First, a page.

Believers can take comfort in the fact that atheism barely amounts to a "movement." American Atheists, which fights in the courts and legislatures for the rights of nonbelievers, has about 2,500 members and a budget of less than $1 million. On the science Web site Edge.org, the astronomer Carolyn Porco offers the subversive suggestion that science itself should attempt to supplant God in Western culture, by providing the benefits and comforts people find in religion: community, ceremony and a sense of awe. "Imagine congregations raising their voices in tribute to gravity, the force that binds us all to the Earth, and the Earth to the Sun, and the Sun to the Milky Way," she writes. Porco, who is deeply involved in the Cassini mission to Saturn, finds spiritual fulfillment in exploring the cosmos. But will that work for the rest of the world—for "the people who want to know that they're going to live forever and meet Mom and Dad in heaven? We can't offer that." If Dawkins, Dennett and Harris are right, the five-century-long competition between science and religion is sharpening. People are choosing sides. And when that happens, people get hurt.

URL: http://www.msnbc.msn.com/id/14638243/site/newsweek/

Monday, September 04, 2006

Happy Labor Day II!!!


By Greg Palast
September, 3 2006

Some years from now, in an economic refugee relocation "Enterprise Zone," your kids will ask you, "What did you do in the Class War, Daddy?"

The trick of class war is not to let the victims know they're under attack. That's how, little by little, the owners of the planet take away what little we have.

This week, Dupont, the chemical giant, slashed employee pension benefits by two-thirds. Furthermore, new Dupont workers won't get a guaranteed pension at all -- and no health care after retirement. It's part of Dupont's new "Die Young" program, I hear. Dupont is not in financial straits. Rather, the slash attack on its workers' pensions was aimed at adding a crucial three cents a share to company earnings, from $3.11 per share to $3.14.

So Happy Labor Day.

And this week, the government made it official: For the first time since the Labor Department began measuring how the American pie is sliced, those in the top fifth of the wealth scale are now gobbling up over half (50.4%) of our nation's annual income.

So Happy Labor Day.

We don't even get to lick the plates. While 15.9% of us don't have health insurance (a record, Mr. President!), even those of us who have it, don't have it: we're spending 36% more per family out of pocket on medical costs since the new regime took power in Washington. If you've actually tried to collect from your insurance company, you know what I mean.

So Happy Labor Day.

But if you think I have nothing nice to say about George W. Bush, let me report that the USA now has more millionaires than ever -- 7.4 million! And over the past decade, the number of billionaires has more than tripled, 341 of them!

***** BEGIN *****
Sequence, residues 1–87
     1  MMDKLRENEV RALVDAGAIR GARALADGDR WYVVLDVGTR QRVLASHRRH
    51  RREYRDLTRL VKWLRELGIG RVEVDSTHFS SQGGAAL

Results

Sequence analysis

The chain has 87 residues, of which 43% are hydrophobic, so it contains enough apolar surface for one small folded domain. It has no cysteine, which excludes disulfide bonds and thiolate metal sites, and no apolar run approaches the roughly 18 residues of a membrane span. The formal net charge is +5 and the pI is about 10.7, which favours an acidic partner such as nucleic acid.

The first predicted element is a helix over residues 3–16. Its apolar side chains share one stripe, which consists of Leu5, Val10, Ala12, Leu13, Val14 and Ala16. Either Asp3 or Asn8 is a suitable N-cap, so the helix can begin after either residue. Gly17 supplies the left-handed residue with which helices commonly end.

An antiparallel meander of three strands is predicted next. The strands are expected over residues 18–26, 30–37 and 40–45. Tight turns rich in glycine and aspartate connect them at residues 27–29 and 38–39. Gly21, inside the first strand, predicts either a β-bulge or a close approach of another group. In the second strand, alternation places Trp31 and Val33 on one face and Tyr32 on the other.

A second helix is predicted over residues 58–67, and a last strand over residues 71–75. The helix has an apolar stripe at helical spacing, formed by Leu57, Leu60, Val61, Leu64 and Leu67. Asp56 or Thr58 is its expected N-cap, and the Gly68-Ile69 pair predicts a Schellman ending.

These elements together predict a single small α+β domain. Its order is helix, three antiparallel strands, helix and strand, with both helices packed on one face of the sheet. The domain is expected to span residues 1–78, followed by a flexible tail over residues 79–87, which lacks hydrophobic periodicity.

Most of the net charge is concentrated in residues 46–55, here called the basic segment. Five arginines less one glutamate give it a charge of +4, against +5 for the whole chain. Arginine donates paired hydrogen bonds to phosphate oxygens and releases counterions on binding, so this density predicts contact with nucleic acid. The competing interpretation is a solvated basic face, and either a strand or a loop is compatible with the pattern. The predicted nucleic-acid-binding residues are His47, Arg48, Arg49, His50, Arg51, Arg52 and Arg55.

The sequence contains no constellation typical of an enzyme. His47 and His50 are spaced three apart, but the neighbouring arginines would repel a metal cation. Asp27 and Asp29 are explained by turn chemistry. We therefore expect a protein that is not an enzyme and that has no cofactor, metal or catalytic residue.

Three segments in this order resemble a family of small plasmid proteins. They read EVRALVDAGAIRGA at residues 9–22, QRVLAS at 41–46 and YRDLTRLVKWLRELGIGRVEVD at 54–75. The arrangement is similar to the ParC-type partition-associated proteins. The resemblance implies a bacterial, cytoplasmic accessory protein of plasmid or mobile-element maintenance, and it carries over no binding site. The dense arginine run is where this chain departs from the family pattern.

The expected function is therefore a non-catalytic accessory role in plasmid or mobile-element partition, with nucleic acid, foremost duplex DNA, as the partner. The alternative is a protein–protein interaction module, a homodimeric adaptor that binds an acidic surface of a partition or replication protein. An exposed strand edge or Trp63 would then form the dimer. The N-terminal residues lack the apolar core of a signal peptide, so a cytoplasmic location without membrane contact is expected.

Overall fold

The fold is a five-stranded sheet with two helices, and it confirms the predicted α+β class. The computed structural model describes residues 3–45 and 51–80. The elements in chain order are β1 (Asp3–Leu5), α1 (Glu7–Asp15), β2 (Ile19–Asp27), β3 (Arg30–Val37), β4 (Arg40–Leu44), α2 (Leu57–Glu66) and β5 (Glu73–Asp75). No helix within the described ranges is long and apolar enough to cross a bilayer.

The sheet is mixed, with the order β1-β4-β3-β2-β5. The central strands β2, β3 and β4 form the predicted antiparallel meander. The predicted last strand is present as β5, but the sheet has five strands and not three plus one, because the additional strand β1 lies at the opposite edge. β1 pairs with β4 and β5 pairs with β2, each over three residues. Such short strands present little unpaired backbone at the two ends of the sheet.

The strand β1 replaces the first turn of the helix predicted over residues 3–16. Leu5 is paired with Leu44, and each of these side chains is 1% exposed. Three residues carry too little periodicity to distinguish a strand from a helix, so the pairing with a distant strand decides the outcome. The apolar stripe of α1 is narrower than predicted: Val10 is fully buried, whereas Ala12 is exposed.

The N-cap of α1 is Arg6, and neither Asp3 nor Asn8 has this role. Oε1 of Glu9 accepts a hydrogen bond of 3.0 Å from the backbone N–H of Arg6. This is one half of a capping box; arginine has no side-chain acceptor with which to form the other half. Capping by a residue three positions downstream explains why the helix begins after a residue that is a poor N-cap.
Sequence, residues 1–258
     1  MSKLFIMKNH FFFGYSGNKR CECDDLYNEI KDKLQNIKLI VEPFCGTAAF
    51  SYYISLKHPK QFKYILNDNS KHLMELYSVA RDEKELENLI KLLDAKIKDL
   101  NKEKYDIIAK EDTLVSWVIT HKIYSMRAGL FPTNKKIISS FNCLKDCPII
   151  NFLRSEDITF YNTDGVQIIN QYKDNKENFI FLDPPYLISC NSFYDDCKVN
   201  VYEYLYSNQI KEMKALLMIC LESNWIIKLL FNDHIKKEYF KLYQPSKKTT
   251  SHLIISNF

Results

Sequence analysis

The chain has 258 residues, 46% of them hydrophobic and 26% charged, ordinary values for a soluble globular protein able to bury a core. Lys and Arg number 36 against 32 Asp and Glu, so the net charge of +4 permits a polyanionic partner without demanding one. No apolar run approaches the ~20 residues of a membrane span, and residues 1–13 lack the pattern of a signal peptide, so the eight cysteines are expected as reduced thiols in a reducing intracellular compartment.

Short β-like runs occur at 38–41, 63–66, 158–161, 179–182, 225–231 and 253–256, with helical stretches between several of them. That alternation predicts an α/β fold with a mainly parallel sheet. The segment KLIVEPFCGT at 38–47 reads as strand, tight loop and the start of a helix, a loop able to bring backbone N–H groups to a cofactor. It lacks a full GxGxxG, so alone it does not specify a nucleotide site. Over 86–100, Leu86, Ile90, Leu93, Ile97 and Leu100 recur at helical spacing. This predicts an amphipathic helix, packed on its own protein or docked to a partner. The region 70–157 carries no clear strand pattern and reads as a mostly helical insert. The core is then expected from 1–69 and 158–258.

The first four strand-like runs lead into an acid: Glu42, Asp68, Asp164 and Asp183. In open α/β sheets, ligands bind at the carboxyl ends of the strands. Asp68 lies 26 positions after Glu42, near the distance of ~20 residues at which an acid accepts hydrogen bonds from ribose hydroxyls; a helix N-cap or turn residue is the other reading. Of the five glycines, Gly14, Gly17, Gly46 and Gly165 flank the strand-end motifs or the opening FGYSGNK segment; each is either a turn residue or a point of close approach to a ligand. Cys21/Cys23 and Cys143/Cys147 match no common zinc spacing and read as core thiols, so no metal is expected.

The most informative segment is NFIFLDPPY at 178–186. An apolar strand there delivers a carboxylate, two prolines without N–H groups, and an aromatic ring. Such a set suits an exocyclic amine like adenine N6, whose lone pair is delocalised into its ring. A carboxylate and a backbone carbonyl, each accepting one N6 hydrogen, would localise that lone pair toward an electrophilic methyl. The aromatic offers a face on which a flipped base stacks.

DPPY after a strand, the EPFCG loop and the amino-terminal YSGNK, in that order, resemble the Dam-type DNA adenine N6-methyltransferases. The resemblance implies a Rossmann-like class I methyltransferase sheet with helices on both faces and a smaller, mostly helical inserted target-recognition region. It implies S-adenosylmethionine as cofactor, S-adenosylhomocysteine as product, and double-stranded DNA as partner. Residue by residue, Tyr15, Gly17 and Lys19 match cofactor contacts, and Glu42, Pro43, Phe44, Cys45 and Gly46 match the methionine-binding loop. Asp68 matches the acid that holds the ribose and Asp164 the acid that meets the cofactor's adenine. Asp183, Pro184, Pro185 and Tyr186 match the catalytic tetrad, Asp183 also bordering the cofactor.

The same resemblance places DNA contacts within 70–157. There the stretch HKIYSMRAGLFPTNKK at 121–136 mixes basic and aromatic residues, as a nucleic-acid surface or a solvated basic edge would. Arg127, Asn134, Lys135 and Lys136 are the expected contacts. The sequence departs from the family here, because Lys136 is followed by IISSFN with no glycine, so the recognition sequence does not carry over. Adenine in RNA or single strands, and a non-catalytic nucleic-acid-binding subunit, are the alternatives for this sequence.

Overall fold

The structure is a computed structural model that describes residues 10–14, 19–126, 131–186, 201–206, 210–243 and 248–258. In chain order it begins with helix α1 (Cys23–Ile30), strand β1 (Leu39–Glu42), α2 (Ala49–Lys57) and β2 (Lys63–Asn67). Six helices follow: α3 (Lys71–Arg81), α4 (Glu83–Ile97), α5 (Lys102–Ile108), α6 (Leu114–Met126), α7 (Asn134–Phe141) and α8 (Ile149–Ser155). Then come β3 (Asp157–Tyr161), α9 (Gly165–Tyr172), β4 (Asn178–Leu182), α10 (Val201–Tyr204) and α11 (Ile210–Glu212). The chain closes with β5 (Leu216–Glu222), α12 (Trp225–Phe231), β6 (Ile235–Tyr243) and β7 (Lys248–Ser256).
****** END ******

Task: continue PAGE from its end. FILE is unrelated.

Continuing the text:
If that doesn't make you feel like you're missing out, this should: You, Mr. Median, are earning, after inflation, a little less than you earned when Richard Nixon reigned. Median household income -- and most of us are "median" -- is down. Way down.

Since the Bush Putsch in 2000, median income has fallen 5.9%.Mr. Bush and friends are offering us an "ownership" society. But he didn't mention who already owns it. The richest fifth of America owns 83% of all shares in the stock market. But that's a bit misleading because most of that, 53% of all the stock, is owned by just one percent of American households.

And what does the Wealthy One Percent want? Answer: more wealth. Where will they get it? As with a tube of toothpaste, they're squeezing it from the bottom. Median paychecks have gone down by 5.9% during the current regime, but Americans in the bottom fifth have seen their incomes sliced by 20%.

At the other end, CEO pay at the Fortune 500 has bloated by 51% during the first four years of the Bush regime to an average of $8.1 million per annum.

So who's winning? It's a crude indicator, but let's take a peek at the Class War body count.

When Reagan took power in 1980, the One Percent possessed 33% of America's wealth as measured by capital income. By 2006, the One Percent has swallowed over half of all America's assets, from sea to shining sea. One hundred fifty million Americans altogether own less than 3% of all private assets.

Yes, American middle-class house values are up, but we're blowing that gain to stay alive. Edward Wolff, the New York University expert on income, explained to me that, "The middle class is mortgaging itself to death." As a result of mortgaging our new equity, 60% of all households have seen a decline in net worth.

Is America getting poorer? No, just its people, We the Median. In fact, we are producing an astonishing amount of new wealth in the USA. We are a lean, mean production machine. Output per worker in BushAmerica zoomed by 15% over four years through 2004. Problem is, although worker productivity keeps rising, the producers are getting less and less of it.

The gap between what we produce and what we get is widening like an alligator's jaw. The more you work, the less you get. It used to be that as the economic pie got bigger, everyone's slice got bigger too. No more.

The One Percent have swallowed your share before you can get your fork in.